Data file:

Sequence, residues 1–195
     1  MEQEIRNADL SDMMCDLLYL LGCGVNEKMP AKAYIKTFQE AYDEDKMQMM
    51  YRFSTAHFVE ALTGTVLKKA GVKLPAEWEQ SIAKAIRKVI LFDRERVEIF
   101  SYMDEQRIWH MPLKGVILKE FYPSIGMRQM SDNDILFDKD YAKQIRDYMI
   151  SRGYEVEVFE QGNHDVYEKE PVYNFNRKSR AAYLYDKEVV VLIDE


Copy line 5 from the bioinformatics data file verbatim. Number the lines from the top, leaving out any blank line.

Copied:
   151  SRGYEVEVFE QGNHDVYEKE PVYNFNRKSR AAYLYDKEVV VLIDE